Cashing in on Bob Marley's music legacy

LOS ANGELES • When Chris Blackwell, founder of Island Records, met a journeyman musician named Bob Marley (below) in 1972, he "listened" to his instincts. "He had a kind of aura about him," Mr Blackwell said.

"I had an idea that he could have an impact."

But the now 80-year-old added that he did not imagine the kind of pop culture sainthood that Marley would ultimately achieve: tens of millions of albums sold, instant name-and-dreadlock recognition around the world, and an estate that, in Forbes' estimate, earned US$23 million (S$30.4 million) last year, partly from the sale of family-branded products such as speakers and coffee.

While the family of Marley, who died in 1981 at 36, handles most aspects of his estate, Mr Blackwell controls the rights to the music publishing catalogue, including classic reggae songs such as One Love (1965).

Last Saturday, Mr Blackwell signed a US$50-million deal with Primary Wave Music Publishing, a boutique New York music company, the latest in a string of high-profile transactions reflecting how streaming has boosted the value of music catalogues.

Under the deal, Primary Wave will control 80 per cent of Mr Blackwell's share of two catalogues: Marley's songs and Blue Mountain Music, which was set up in 1962 and has reggae hits by Toots & The Maytals and rock classics by Free and Marianne Faithfull.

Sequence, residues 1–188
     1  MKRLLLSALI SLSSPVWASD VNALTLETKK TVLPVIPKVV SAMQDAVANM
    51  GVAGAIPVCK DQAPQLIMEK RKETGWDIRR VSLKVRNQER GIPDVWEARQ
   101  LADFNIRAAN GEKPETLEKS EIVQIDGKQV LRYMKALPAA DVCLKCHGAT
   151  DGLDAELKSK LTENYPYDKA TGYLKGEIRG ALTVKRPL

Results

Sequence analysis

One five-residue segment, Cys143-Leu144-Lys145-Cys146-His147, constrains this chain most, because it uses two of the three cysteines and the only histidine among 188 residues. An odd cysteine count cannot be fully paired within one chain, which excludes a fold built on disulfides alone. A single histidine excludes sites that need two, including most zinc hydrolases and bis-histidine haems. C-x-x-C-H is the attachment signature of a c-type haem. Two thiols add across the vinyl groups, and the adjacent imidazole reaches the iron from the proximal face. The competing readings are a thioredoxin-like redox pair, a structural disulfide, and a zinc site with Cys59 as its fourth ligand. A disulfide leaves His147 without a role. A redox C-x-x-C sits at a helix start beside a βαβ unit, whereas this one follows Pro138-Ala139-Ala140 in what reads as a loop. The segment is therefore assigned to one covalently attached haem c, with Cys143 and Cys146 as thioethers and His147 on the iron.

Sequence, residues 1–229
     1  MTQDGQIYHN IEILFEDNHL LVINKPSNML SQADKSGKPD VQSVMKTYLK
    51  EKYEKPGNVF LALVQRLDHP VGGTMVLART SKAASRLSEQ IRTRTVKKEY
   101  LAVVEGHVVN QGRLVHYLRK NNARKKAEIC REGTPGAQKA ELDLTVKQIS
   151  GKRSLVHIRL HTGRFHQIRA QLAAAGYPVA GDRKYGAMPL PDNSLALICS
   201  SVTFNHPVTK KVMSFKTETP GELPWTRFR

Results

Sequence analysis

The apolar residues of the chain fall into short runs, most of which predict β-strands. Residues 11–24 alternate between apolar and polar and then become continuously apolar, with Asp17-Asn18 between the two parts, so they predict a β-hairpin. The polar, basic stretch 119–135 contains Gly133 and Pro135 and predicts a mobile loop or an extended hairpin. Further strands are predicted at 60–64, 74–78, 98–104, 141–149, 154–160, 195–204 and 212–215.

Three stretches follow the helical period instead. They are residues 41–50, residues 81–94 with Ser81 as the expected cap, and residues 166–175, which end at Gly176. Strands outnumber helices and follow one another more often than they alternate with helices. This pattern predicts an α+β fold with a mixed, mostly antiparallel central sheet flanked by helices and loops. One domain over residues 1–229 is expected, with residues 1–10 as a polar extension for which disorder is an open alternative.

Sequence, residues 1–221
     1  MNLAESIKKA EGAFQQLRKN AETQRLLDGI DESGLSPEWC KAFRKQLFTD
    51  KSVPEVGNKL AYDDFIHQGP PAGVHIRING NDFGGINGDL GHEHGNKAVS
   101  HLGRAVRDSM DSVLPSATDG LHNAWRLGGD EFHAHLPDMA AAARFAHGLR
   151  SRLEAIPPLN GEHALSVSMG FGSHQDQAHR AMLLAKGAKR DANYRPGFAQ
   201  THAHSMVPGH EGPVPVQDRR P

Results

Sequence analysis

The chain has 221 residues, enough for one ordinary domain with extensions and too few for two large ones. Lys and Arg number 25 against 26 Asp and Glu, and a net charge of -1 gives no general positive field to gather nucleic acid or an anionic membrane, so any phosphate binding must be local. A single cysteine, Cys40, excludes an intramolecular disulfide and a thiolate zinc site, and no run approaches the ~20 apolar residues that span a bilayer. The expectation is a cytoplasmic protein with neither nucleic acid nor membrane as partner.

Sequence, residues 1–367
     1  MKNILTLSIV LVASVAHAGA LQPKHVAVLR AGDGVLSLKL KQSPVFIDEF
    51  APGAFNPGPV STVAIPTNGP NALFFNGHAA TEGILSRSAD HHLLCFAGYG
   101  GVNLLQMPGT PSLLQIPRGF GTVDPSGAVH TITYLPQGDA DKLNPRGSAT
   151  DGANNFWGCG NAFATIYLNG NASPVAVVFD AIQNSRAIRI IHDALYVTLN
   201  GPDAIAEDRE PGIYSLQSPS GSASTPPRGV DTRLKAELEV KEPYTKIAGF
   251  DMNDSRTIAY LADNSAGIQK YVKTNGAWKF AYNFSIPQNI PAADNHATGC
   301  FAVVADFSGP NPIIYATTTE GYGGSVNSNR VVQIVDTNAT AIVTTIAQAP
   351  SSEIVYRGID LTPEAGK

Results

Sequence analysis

Blue Mountain also has rights to U2 songs, but those are excluded from the deal.

Primary Wave has carved out a lucrative niche in music publishing by focusing on aggressive branding and marketing campaigns for what its founder Larry Mestel calls "the icons and legends business".

It has a relatively small catalogue of about 12,000 songs - its roster includes Smokey Robinson and Def Leppard - that it promotes heavily through commercial tie-ins, movies and television shows.

The Marley catalogue is unusual. During his lifetime, he had few chart hits, but his music has achieved steady, far-reaching popularity that has lasted for decades.

According to Nielsen, his songs have been streamed more than 1.7 billion times in the United States alone and his fame permeates deep into emerging markets such as Africa and India.

"There isn't a crevice of the world," Mr Mestel said, "where Bob Marley isn't a god."

Unlike most publishers, Primary Wave sees itself as a branding house and an asset manager, exploiting song catalogues on behalf of investors that have contributed to an acquisition fund.

The company, Mr Mestel said, has about US$400 million to invest in music on behalf of those investors, a group that includes BlackRock, the world's largest money manager.

In a competitive market, Primary Wave's pitch to songwriters is that it can find new ways to market old material. For Robinson, who signed a US$22-million deal in 2016, the company did a tie-up with American Greetings to promote a new holiday, Father-Daughter Day, using Robinson's song My Girl (1964).

When he was looking for a new home for his songs, Robinson said, those ideas sold him.

"When I got to Primary Wave, they had made up a brochure with all kinds of things to show me how they operate," he noted. "It had my picture on the cover and my songs listed and everything.

"It was just so attractive to me."

Mr Mestel said he seeks only tasteful deals. As the Marley family controls the use of its patriarch's name and likeness, Mr Blackwell said it has the final right to refuse any use.


A version of this article appeared in the print edition of The Straits Times on January 16, 2018, with the headline 'Cashing in on Bob Marley's music legacy'. Print Edition | Subscribe